How to Make Your M.D. into a Natural-Healing Doctor

Natural Doctor



Not everyone has access to a naturopathic physician. Only some states license them; only some insurance pays for them. The next best thing is to convert your own medico into one. Or, at least come as close as possible. Here are some hints:

1. Pick a workable doctor.  How do you know if a doctor is workable? Interview them. I screen any physician I am thinking of consulting with.  Since there may actually be a charge for this “initial consultation,” I carry this out by asking the office manager, nurse or assistant to please relay these three questions to the doctor:

First: “I take vitamin supplements. How do you feel about that?”

Second: “I feel that my doctor should work with me, but that I am in charge of my health.  Is this compatible with your philosophy of care?”

Third: “I choose to decline immunizations. Are you willing to accept this viewpoint?”
This can be a real stinker of an issue. Most doctors simply will not accept non-vaxxed patients.

If the doctor agrees to all three position statements, you are in business. If not, keep looking. Be prepared to spend a great deal of time time on this process.  It pays off.

2. Not all doctors that openly promote themselves as “holistic,” “alternative” or “complimentary” will be as advertised.  Lip-service to a natural philosophy is not the same as actually prescribing a fast for obesity or treating bronchitis with vitamin C.  Hiring a doctor requires an in-depth evaluation which only personal experience can provide.  Word of mouth is a way to capitalize on others’ experience with this doctor.  Ask around.

3. Make it easy for your doctor: Stay healthy. Eat right. Do not smoke. Avoid alcohol. No illegal drugs. Diet if you need to. Keep fit. Show that you take care of yourself. As you brush your teeth before visiting the dentist, present as healthy a body as possible when you visit the doctor. My GP and I have a deal: I stay well, and she stays happy. While she has virtually no background in nutrition, she knows that I do and that's fine with her. She will authorize any tests I ask for, and is easy to talk with. It took me a long time (decades) to find a doctor like her. So I make a point to be responsible and continually make the best behavior choices I can.

4. Do your homework. Prepare your case before you go in for an office visit.  Look up your ailment in the Merck Manual.  You will there learn what the conventional medical approach to such an illness is.  Then read up on the alternatives.  I have reviewed a number of the best natural health books at Just do a site search for "book review" (and then ignore all the advertising webpages choices thrown in by Google). There is no substitute for being well informed.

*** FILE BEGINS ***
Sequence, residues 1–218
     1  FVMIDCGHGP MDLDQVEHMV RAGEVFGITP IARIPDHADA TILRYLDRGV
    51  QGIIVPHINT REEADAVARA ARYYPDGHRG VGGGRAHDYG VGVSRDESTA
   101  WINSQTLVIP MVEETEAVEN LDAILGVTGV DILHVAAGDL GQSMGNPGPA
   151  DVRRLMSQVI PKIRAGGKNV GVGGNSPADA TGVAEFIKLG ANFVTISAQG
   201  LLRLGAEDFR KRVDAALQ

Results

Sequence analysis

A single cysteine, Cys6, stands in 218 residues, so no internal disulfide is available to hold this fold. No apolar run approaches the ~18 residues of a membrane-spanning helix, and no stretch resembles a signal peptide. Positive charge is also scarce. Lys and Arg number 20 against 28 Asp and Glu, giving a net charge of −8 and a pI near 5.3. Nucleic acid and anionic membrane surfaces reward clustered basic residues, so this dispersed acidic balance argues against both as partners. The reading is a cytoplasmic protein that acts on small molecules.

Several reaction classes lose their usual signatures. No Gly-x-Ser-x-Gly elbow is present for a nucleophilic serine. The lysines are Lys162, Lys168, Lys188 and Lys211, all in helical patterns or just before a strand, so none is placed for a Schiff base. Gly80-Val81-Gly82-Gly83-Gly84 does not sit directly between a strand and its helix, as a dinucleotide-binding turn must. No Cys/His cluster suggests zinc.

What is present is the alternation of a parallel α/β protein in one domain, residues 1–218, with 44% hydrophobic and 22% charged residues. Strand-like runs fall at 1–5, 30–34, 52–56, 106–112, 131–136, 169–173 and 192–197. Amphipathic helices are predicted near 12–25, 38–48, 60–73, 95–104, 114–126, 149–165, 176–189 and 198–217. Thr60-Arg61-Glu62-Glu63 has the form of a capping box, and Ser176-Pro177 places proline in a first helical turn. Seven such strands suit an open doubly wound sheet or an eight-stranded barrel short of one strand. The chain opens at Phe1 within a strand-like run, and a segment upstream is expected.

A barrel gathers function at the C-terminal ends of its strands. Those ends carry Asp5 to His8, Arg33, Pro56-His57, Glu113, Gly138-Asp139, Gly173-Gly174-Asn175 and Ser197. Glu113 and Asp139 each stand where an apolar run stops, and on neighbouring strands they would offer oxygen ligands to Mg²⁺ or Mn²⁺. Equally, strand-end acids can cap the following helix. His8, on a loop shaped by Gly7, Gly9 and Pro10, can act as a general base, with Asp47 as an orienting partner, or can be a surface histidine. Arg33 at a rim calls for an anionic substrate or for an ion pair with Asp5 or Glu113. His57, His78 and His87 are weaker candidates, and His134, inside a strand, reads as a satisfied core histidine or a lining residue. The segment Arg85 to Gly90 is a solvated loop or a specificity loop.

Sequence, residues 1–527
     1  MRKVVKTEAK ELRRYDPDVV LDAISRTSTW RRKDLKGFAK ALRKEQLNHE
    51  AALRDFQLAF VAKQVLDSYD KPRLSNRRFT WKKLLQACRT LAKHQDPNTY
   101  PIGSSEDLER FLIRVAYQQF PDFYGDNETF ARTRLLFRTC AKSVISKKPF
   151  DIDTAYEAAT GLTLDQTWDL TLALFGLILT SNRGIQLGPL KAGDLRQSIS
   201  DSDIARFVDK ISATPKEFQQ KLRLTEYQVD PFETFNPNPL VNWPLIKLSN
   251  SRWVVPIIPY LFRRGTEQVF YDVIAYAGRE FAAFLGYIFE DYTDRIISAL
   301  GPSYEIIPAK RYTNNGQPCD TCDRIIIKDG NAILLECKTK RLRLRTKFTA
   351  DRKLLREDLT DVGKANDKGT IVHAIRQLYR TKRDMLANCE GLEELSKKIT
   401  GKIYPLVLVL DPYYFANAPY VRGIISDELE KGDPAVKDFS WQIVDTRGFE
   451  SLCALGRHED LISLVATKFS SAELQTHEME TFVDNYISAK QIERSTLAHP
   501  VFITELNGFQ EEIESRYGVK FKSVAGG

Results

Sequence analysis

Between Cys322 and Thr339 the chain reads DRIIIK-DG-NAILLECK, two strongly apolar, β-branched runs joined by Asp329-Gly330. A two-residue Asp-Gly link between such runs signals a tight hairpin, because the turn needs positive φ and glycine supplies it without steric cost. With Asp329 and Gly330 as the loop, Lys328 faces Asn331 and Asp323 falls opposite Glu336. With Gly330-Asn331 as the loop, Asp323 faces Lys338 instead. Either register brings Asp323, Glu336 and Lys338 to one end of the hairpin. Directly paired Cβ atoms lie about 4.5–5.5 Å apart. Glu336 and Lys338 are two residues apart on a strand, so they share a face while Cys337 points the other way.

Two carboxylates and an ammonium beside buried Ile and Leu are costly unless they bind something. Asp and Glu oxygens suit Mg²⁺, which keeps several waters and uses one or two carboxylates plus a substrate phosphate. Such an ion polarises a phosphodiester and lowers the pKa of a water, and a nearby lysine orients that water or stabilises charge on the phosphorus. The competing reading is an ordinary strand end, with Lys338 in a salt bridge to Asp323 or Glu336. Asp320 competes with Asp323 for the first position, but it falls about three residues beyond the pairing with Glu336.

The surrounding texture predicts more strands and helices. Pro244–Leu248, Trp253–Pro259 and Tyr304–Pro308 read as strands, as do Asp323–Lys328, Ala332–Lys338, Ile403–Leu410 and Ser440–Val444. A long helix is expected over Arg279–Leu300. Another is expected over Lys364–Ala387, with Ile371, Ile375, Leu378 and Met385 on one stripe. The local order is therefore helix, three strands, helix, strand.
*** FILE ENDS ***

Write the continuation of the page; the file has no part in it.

5.  If you need a diagnosis, get one. Be responsible. Use technology. Listen to what your doctor has to say, but do not DO it until you complete step 4, above.

6.  Use the “suggestive selling” technique.  Suggest a natural alternative to any medical treatment you may be offered.  Or, instead of an either-or choice, suggest “both.” Know what you want and see that you get it.

7. Look at your situation from the doctor’s perspective.  If you were legally bound and professionally constrained to the extent that most physicians are, how would you react to a know-it-all upstart patient that marched in to your office and began to dictate terms?  To avoid a defensive physician, avoid backing your doctor into any corners. Instead, bring along materials written by other physicians who treat naturally.  These may be in the form of journal papers, published treatment plans (protocols), excerpts from books, and highlighted articles. If such-and-such a doctor already does it successfully, it takes the pressure off your doctor in trying it with you. Ask for a “therapeutic trial.”

8. Try the “Good Cop, Bad Cop” approach: Offer to sign a paper stating that you will not sue the doctor if the natural treatment you request is not successful. At the same time, subtly point out that a patient could sue if the doctor refused a patient’s natural treatment request. 

9. Half a pie is always better than none. Your doctor does not have to meet you 100% on every issue.  It is generally sufficient to hear any of the following phrases, which commonly indicate an open-minded physician:

“Vitamins aren’t likely to do you any harm.”
“I’ve heard of more and more people doing this.”
“I attended a seminar on this recently.”
“Let’s try it.”
“Let me know how this works out for you.”
“I told my other patients about it.”

10.  Doctors love to be told that “their” therapy is successful. Provide your doctor with maximum positive feedback and, whenever appropriate, tell him/her that you are feeling great. You are likely to be rewarded with, “Whatever you are doing, keep doing it.” That is the sweet sound of self-reliant success. 

Copyright C 2019, 2003 and prior years by Andrew W. Saul. Andrew Saul is the author of the books FIRE YOUR DOCTOR! How to be Independently Healthy (reader reviews at ) and DOCTOR YOURSELF: Natural Healing that Works. (reviewed at )



Andrew W. Saul


AN IMPORTANT NOTE:  This page is not in any way offered as prescription, diagnosis nor treatment for any disease, illness, infirmity or physical condition.  Any form of self-treatment or alternative health program necessarily must involve an individual's acceptance of some risk, and no one should assume otherwise.  Persons needing medical care should obtain it from a physician.  Consult your doctor before making any health decision. 

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